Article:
• Resist the urge to unpack and try fall clothing on your child before the first day of school. It may be convenient for you to see if your child has grown a size over the summer, but for kids, it’s a sign to move on to the next thing. Rather, wait until a week or so before school starts. This will give you and your child a little time to plan without rushing the summer along.
  • Limit school supply shopping with your child to one or two specific outings—don’t make it the focus of every day until school starts. If there’s a lot to get done, do some of it without your child so that she can continue to be in the summer mode.
  • Spend even less time than usual watching TV, or watch recorded shows so that you can fast forward through the commercials. TV ads for back-to-school products become overwhelmingly prolific in August. This advertising pressure can be stressful for you and your child, pushing you out of summer mode before you are ready.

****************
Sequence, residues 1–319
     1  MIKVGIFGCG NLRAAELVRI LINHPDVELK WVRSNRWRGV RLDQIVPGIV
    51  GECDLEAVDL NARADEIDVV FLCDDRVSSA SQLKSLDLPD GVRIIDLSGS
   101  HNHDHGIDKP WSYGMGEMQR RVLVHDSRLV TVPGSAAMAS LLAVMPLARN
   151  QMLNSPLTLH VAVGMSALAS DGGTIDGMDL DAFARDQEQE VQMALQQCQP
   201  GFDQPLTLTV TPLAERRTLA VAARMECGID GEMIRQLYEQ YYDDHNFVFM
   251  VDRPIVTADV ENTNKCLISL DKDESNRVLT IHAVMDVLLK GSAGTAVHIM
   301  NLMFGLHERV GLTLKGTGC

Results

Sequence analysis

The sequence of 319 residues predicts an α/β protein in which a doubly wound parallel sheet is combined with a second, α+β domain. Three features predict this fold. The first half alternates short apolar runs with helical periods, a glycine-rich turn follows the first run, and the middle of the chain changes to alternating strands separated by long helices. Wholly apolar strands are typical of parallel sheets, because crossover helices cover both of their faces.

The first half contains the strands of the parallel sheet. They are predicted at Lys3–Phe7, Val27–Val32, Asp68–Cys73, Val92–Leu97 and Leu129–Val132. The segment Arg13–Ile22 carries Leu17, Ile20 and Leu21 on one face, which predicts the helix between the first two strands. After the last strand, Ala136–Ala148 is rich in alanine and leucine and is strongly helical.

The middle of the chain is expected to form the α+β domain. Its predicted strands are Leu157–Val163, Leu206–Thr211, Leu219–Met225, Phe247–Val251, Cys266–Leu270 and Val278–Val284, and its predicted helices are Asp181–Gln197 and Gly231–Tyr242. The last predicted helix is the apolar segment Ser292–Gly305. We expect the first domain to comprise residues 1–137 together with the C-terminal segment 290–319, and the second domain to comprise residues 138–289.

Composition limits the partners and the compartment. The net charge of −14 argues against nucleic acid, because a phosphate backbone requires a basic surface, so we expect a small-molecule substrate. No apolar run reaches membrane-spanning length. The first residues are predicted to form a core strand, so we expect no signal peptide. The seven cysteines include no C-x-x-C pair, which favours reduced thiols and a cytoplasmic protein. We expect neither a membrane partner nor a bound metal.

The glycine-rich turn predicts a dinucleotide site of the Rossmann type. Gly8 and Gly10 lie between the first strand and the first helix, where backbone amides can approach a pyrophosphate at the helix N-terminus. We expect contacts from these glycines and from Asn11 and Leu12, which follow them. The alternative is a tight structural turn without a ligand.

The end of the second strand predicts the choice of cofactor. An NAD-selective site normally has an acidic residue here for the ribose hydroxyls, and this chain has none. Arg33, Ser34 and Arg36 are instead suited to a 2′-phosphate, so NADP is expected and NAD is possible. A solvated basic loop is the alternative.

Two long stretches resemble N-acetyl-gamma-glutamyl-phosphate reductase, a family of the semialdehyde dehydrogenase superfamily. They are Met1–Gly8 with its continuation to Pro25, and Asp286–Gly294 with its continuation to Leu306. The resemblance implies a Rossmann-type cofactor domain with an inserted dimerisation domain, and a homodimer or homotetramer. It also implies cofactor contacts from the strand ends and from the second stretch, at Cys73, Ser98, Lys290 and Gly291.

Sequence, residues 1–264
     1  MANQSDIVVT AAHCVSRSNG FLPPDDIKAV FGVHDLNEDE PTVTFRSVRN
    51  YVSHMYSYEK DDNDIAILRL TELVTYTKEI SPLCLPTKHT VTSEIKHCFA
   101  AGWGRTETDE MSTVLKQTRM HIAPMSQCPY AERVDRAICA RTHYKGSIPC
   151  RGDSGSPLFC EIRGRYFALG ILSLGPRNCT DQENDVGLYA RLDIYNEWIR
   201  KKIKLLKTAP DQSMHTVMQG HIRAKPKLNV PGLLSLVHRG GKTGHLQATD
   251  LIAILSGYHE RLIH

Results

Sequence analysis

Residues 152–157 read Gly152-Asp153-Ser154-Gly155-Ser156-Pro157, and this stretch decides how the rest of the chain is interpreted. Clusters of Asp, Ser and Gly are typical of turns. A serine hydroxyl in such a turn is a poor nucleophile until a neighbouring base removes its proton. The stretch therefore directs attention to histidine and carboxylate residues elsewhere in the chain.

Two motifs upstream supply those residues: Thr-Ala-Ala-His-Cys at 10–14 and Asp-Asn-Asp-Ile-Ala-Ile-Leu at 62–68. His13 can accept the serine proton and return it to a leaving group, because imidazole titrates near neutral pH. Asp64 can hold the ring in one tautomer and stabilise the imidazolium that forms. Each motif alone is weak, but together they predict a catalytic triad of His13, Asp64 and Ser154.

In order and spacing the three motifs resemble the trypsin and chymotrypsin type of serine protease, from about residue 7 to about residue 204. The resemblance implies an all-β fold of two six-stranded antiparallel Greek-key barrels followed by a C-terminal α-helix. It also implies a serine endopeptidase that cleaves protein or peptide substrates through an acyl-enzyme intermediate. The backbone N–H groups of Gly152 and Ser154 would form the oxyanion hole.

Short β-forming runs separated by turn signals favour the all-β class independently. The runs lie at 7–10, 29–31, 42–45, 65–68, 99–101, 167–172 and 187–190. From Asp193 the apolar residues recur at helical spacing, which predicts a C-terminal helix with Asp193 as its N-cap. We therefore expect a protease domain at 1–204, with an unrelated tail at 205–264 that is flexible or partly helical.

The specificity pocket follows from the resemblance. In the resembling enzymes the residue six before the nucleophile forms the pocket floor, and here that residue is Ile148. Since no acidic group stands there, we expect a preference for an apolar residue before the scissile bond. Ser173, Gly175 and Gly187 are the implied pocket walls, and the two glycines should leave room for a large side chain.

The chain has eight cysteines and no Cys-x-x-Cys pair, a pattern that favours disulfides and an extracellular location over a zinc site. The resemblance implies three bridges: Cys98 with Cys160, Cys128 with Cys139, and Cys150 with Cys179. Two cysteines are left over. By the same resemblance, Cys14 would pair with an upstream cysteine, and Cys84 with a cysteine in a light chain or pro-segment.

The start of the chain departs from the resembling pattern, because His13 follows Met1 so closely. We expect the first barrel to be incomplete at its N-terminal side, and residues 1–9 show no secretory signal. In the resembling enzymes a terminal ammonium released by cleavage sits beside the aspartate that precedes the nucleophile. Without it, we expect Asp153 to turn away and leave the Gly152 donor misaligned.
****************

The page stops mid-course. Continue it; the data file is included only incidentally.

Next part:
• Encourage your child to stay focused on the summer fun at hand by limiting conversations about school to once a day—at bedtime or first thing in the morning.
  • Regularly ask your child to name activities or experiences that she or he has enjoyed, or is looking forward to enjoying this summer. Discussing these will help you and your child stay focused on the summer “moment” in which you are still living.
  • When your child is in earshot, spend as little time as possible talking about back-to-school with other adults (in person or on the phone). Your child will pick up on the conversation and it will make it more difficult for him to focus on enjoying the rest of the summer.